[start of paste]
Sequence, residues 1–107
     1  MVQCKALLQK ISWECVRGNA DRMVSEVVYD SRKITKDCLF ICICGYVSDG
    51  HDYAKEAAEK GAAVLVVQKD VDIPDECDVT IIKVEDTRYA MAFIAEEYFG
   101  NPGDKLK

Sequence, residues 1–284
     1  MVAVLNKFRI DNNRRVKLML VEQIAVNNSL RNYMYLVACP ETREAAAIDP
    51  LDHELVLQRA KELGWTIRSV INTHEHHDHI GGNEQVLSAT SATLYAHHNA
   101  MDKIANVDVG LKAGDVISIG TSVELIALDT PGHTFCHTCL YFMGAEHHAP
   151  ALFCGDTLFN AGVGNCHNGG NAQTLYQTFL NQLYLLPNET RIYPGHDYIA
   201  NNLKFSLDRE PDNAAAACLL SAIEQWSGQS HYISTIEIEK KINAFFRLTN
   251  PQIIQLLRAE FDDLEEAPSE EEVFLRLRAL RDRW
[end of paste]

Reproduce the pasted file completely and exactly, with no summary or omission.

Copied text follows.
Sequence, residues 1–107
     1  MVQCKALLQK ISWECVRGNA DRMVSEVVYD SRKITKDCLF ICICGYVSDG
    51  HDYAKEAAEK GAAVLVVQKD VDIPDECDVT IIKVEDTRYA MAFIAEEYFG
   101  NPGDKLK

Sequence, residues 1–284
     1  MVAVLNKFRI DNNRRVKLML VEQIAVNNSL RNYMYLVACP ETREAAAIDP
    51  LDHELVLQRA KELGWTIRSV INTHEHHDHI GGNEQVLSAT SATLYAHHNA
   101  MDKIANVDVG LKAGDVISIG TSVELIALDT PGHTFCHTCL YFMGAEHHAP
   151  ALFCGDTLFN AGVGNCHNGG NAQTLYQTFL NQLYLLPNET RIYPGHDYIA
   201  NNLKFSLDRE PDNAAAACLL SAIEQWSGQS HYISTIEIEK KINAFFRLTN
   251  PQIIQLLRAE FDDLEEAPSE EEVFLRLRAL RDRW